How does hydro work?
Hydroelectricity harnesses the power of flowing water and uses it to create electricity. The water turns a turbine as it falls through, which drives a generator, producing electricity. In many cases, the water sources are dammed to create a reservoir, which allows further control over the output of the hydro station.
A pumped hydro plant works much like a conventional hydroelectric station, except that the turbine can also act as a pump, moving water back uphill. During times of low electricity prices such as the middle of the day when the sun is shining or times of low electricity demand, such as at night or on weekends, cheap electricity is used to pump water to an upper reservoir.
During periods of higher demand or when network services are required water is released from the upper reservoir to generate electricity. The same water can be used over and over again.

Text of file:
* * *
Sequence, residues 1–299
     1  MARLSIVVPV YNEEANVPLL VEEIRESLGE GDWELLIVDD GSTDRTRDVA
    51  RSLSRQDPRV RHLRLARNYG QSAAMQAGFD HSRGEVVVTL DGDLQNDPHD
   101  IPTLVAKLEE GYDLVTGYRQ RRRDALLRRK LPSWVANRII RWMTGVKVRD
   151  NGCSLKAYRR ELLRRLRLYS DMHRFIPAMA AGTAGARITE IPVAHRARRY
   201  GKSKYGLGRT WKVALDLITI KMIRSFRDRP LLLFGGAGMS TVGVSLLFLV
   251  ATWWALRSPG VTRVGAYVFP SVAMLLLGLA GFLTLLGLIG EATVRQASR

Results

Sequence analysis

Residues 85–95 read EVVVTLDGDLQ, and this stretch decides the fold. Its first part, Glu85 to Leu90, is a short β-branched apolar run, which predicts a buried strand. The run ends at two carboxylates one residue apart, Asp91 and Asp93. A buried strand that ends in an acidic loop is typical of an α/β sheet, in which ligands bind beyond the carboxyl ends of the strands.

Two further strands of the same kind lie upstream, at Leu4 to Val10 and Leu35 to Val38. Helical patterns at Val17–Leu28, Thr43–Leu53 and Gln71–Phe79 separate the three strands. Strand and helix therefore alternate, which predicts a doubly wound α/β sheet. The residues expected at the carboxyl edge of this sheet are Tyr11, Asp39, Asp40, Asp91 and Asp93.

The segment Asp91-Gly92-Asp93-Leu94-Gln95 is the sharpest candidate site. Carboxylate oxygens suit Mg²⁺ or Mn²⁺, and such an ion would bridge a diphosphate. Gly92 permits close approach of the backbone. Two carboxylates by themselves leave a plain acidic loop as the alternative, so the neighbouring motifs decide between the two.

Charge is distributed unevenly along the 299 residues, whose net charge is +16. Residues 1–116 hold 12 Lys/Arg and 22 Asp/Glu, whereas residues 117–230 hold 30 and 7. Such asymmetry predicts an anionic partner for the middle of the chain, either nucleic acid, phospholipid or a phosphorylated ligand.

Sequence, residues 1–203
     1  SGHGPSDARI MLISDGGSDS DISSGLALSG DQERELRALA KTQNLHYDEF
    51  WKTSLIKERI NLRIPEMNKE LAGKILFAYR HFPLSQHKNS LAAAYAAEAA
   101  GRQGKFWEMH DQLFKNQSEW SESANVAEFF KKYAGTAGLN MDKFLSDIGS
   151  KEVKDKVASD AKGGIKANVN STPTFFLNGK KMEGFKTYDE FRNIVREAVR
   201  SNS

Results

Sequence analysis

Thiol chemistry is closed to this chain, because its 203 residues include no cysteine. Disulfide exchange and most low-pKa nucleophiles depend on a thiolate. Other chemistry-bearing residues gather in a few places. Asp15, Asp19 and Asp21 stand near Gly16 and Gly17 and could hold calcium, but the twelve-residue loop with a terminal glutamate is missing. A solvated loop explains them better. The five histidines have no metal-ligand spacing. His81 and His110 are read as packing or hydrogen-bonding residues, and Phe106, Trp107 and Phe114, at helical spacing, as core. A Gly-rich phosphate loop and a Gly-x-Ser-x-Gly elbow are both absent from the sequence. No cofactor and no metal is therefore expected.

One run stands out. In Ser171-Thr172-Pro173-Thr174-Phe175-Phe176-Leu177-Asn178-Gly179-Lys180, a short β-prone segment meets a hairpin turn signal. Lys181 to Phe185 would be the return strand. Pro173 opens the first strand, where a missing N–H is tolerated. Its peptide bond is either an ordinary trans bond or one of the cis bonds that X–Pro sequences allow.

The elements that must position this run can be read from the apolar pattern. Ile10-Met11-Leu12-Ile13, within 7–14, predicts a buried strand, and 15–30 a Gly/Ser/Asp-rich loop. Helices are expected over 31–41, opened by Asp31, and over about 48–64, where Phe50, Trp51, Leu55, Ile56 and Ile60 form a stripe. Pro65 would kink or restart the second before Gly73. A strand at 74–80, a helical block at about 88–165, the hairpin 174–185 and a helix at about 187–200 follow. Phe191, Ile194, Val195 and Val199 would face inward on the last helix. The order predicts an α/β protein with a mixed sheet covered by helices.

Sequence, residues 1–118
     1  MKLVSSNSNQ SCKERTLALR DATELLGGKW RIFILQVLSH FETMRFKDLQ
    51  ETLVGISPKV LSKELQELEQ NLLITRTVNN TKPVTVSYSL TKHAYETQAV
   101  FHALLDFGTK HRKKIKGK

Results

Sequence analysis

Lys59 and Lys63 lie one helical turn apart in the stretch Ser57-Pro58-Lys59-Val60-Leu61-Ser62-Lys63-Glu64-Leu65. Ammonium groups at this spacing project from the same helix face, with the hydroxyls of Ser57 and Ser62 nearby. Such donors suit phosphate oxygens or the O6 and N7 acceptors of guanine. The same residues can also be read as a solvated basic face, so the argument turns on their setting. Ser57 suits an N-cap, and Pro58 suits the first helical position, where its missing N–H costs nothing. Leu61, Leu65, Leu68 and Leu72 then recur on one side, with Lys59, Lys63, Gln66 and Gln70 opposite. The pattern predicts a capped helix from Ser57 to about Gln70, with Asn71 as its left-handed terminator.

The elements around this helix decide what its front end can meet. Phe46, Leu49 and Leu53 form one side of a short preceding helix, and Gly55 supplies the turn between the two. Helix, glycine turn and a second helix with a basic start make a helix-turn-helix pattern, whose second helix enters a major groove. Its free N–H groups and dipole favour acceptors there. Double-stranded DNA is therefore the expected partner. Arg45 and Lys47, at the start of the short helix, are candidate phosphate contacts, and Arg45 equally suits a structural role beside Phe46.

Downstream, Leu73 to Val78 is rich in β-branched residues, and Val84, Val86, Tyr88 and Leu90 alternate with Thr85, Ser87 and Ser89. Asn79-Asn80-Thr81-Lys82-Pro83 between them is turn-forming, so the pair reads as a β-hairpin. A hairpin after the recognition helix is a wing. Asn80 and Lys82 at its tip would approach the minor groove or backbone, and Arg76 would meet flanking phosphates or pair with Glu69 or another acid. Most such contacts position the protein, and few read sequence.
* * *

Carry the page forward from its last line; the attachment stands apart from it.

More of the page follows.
AGL’s hydroelectricity portfolio
AGL Hydro’s three primary hydro schemes are in the Kiewa, Dartmouth and Eildon catchments in Victoria, with minor schemes located across New South Wales and elsewhere in Victoria.
Additionally, we are currently undertaking feasibility studies on two 250 MW pumped hydro schemes, in Kanmantoo in South Australia, and Bells Mountain in New South Wales.
Each of our generating schemes are located on different river catchments, maximising operational flexibility. Control of all generating plants is done from a central facility at AGL’s Bourke Street office in Melbourne, enabling us to rapidly respond to changing demand.
Below is a snapshot of AGL’s hydro assets.